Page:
Current Research in EEPS Seminar: Dr. Justin Mankin, Dartmouth College
Will plants make the world wetter or drier?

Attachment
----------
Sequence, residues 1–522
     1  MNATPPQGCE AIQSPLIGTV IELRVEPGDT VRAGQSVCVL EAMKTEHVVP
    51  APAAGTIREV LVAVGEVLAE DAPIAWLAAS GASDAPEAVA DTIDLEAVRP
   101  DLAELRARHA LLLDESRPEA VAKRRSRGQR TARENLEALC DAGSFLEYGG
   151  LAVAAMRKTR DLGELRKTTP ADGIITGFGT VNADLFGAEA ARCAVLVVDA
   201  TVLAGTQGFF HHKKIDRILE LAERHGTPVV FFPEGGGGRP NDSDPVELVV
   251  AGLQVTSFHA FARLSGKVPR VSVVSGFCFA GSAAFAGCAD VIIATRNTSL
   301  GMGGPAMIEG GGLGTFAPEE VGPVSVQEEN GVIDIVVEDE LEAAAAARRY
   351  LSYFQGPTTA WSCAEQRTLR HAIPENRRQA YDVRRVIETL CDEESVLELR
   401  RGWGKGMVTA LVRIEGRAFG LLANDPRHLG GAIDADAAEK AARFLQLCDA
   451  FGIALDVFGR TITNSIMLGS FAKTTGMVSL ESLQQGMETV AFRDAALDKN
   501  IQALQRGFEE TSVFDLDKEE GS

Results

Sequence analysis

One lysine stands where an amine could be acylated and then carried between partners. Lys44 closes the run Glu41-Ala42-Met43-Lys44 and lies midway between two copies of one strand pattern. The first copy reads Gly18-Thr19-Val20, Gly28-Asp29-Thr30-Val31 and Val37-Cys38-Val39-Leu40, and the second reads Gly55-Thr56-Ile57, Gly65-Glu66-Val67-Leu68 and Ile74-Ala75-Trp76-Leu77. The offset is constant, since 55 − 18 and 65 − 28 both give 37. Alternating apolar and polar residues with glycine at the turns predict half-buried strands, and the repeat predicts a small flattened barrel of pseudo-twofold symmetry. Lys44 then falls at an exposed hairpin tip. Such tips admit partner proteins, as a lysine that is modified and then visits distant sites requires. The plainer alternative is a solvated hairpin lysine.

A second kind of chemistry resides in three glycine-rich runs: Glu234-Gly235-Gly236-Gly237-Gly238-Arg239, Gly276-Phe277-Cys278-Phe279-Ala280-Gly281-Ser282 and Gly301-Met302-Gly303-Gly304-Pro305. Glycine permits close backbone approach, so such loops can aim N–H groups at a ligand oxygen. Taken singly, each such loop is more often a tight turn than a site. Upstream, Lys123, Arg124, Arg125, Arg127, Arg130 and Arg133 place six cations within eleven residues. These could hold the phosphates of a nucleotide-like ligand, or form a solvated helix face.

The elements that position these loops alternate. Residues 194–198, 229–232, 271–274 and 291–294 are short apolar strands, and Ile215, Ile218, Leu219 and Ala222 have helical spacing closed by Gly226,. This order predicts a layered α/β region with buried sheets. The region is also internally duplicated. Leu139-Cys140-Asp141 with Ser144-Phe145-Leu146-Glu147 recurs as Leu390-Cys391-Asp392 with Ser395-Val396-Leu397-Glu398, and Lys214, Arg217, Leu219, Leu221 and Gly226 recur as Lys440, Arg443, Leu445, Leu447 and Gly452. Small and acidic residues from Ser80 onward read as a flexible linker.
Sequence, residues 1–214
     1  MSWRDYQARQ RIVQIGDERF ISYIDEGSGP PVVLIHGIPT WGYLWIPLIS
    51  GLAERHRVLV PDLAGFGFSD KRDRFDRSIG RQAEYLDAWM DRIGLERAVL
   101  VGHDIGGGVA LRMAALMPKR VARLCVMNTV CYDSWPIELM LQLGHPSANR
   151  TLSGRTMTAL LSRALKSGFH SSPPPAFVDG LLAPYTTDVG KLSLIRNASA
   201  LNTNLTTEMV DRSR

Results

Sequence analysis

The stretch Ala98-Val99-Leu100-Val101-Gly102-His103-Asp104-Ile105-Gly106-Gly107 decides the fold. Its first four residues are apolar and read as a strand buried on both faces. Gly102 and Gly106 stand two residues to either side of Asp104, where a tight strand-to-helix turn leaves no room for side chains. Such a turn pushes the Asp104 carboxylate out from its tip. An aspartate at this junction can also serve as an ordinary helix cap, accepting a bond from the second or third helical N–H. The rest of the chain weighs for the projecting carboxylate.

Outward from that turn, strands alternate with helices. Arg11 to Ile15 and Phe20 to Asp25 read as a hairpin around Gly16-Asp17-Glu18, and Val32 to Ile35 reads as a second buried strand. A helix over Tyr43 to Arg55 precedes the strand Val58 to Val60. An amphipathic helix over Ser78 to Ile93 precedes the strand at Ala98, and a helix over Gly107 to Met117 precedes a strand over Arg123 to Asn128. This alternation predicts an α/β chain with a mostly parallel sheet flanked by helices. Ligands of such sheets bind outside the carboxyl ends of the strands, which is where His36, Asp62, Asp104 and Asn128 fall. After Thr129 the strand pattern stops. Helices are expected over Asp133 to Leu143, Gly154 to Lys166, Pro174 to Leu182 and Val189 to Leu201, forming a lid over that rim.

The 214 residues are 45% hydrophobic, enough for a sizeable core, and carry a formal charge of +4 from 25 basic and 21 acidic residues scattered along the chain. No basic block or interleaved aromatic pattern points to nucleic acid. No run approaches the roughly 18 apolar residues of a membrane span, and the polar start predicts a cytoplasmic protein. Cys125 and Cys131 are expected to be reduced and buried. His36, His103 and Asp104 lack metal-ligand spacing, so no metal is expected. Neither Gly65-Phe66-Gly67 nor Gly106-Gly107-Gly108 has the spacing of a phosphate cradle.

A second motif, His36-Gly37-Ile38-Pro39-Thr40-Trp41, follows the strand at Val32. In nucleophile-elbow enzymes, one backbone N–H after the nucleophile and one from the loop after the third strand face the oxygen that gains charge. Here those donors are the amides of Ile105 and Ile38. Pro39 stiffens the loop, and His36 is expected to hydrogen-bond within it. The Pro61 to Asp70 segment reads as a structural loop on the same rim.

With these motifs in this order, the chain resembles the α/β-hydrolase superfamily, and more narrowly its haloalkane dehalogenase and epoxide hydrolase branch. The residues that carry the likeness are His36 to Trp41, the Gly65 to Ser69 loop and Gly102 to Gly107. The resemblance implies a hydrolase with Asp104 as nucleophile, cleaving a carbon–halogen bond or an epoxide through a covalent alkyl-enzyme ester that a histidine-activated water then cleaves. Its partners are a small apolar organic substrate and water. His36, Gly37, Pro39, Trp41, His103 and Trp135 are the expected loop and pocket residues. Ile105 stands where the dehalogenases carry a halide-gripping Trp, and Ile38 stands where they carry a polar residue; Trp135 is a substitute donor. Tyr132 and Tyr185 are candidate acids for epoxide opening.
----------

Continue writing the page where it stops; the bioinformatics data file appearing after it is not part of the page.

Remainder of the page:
A long-held finding suggests that plants, through their influence on surface resistance to evapotranspiration (ET), will generate more global-scale runoff under increasing atmospheric CO2 concentrations ([CO2]). Recent studies using models from phase 5 of the Coupled Model Intercomparison Project (CMIP5) ostensibly reaffirm this result, further suggesting that plants will ameliorate the dire reductions in water availability projected by other studies that use aridity metrics. I complicate this narrative, showing that projected plant responses directly reduce future runoff across vast swaths of North America, Europe, and Asia because bulk canopy water demands increase with additional vegetation growth and longer and warmer growing seasons. These runoff declines occur despite increased surface resistance to ET and vegetation total water use efficiency (WUE), even in regions with increasing or unchanging precipitation. Crucially, my constraining the large uncertainty in the CMIP5 ensemble with regional-scale observations of ET partitioning strengthens these results. What is clear is that vegetation has a large, unresolved role in shaping future regional freshwater availability, and if we are to believe the models, will not ubiquitously ameliorate future warming-driven surface drying.